Chances are I was at my dining room table rolling out clay snakes and curling up their green-grey bodies into braided rugs or diving for our wild puppy in the dry backyard and brushing the dead grass off my plaid Tough Skins as the neighbor across the street attempted to murder his wife. Three gunshots broke the dome of that mid-autumn morning silence, but my ears only heard my rustling on the lawn and Sandy yapping. Sandy was our Labrador retriever, named after the color of her coat. If I were naming dogs back in 1973, I’d have called her "Dry Grass On A Mid-Autumn Morning". It’s not the best name for a dog, but it’s better than "Murder Suicide Five Hundred Feet Away". Which is not good no matter how many feet away it happens.
I don’t remember the couple across the street or the slain grandmother of their two kids, although I’m told I occasionally played with the brothers. Certainly, I don’t recall the last time we rolled Tonka trucks on my front walk, but I’ll timestamp this unmemory November 12, 1973, five days before the shooting. My lack of awareness denied that event the title of “My First Encounter With Death.” The neighbors’ boys weren’t lucky enough to own a wild puppy that yapped at small clay hands and drowned out the sounds of gunshots and crying.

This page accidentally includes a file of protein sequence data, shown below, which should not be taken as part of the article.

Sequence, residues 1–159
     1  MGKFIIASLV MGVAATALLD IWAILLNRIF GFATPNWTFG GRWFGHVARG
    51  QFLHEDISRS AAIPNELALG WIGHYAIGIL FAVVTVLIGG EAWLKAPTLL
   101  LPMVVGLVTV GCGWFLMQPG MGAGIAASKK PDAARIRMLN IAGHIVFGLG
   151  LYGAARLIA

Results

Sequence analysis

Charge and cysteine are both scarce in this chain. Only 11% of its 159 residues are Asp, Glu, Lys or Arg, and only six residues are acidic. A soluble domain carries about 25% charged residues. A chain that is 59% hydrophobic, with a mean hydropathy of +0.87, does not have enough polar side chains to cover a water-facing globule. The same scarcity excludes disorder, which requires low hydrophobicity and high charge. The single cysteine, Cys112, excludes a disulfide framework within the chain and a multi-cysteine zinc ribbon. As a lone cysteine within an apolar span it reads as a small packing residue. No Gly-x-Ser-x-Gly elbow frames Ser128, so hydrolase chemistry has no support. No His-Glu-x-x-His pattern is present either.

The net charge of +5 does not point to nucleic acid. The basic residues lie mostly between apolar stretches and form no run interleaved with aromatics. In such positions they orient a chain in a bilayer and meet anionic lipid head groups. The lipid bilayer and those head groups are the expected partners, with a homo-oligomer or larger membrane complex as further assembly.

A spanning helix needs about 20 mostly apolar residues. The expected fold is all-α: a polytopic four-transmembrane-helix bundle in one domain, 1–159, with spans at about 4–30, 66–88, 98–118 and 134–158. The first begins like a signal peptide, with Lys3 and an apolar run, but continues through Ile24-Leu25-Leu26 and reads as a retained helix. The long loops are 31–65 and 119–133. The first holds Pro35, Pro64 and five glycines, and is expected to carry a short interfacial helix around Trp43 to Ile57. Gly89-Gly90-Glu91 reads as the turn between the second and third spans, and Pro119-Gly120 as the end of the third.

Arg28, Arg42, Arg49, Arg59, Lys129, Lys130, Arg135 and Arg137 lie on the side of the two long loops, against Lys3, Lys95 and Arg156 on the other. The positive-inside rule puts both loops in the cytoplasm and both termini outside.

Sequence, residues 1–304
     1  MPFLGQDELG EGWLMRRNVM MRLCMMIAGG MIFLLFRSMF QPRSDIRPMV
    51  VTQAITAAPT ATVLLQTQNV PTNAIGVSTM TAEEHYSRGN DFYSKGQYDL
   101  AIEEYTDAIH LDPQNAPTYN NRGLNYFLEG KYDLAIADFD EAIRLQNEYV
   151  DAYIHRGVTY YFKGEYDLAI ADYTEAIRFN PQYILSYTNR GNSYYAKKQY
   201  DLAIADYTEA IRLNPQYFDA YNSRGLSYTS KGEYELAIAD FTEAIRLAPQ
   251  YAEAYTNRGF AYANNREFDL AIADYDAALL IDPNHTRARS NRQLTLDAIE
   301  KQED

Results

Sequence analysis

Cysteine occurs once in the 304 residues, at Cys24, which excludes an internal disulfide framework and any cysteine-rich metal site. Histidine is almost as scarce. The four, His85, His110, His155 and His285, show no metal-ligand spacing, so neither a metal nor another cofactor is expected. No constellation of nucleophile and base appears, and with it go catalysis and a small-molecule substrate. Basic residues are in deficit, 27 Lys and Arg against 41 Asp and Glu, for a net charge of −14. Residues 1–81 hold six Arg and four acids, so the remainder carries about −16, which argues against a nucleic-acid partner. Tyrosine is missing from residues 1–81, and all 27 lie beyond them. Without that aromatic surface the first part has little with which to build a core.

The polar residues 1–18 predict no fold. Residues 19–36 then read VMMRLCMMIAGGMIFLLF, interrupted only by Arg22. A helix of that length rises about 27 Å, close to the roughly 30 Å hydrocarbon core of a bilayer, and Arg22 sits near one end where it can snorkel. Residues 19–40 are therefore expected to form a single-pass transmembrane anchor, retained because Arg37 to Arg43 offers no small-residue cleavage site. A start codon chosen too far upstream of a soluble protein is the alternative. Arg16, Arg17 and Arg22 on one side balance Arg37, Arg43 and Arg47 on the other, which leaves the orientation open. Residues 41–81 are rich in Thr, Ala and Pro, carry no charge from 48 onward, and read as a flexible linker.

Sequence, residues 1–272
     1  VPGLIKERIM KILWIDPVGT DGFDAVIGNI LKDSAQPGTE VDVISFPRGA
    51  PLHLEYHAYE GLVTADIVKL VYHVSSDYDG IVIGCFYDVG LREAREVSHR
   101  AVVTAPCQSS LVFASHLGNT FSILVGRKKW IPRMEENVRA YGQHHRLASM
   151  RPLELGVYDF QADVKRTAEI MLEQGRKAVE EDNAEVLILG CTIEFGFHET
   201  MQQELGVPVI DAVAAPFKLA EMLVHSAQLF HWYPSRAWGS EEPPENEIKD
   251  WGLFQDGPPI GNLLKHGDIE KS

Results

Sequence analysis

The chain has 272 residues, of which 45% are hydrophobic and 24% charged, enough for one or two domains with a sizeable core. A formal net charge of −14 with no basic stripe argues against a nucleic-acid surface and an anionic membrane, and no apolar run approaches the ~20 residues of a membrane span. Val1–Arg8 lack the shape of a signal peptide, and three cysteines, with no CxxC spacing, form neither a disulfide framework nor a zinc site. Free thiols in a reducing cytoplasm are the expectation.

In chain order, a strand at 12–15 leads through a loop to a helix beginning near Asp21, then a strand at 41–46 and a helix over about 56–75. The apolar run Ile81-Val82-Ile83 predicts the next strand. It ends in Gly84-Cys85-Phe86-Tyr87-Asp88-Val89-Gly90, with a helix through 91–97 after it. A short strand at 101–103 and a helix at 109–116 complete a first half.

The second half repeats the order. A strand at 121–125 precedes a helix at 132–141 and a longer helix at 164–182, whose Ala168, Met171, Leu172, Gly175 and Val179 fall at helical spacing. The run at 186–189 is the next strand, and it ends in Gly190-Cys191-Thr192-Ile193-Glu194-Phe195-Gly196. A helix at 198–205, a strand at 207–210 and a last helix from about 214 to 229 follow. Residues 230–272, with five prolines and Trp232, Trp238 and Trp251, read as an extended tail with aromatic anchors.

There’s no telling why some of us are left alone and others of us never lose anyone but ourselves.
Sunday, April 18, 2010
Thursday, February 25, 2010
#1 - Yeah, I wanna hold your hand! Like a revelation! Demur, proper; then, an ecstasy in discovery! I want to hold your hand! Masks are dropped: I can’t hide! The bass is a throbbing swamp. I do!
#2 - For the first time, I hear this song as cocky, instead of love-struck. The sound is so lo-fi; basement drums, railcar guitars.
#3 - If this was the only song they were known for, they’d have fallen in place with the Fleetwoods and Del Vikings.
#4 - Out of the daydream: crack amateurs blast daylight black. Thunder in a funnel; cascading vocals. Made it home by 3!
#5 - Soul song. Purveyor of zombie sound? Humming, “Rockin’ Robin” style.
#6 - One for the fan club! Brown shoulders, brown shadows, but no taming the joy in the treble! The coda takes off down the river.
#1 - The best song on the album, but if this was the hit, they’d have been a different band.
#2 - Light stuff, but fun. A little boogie-woogie thrown into the beat to vex monsignors.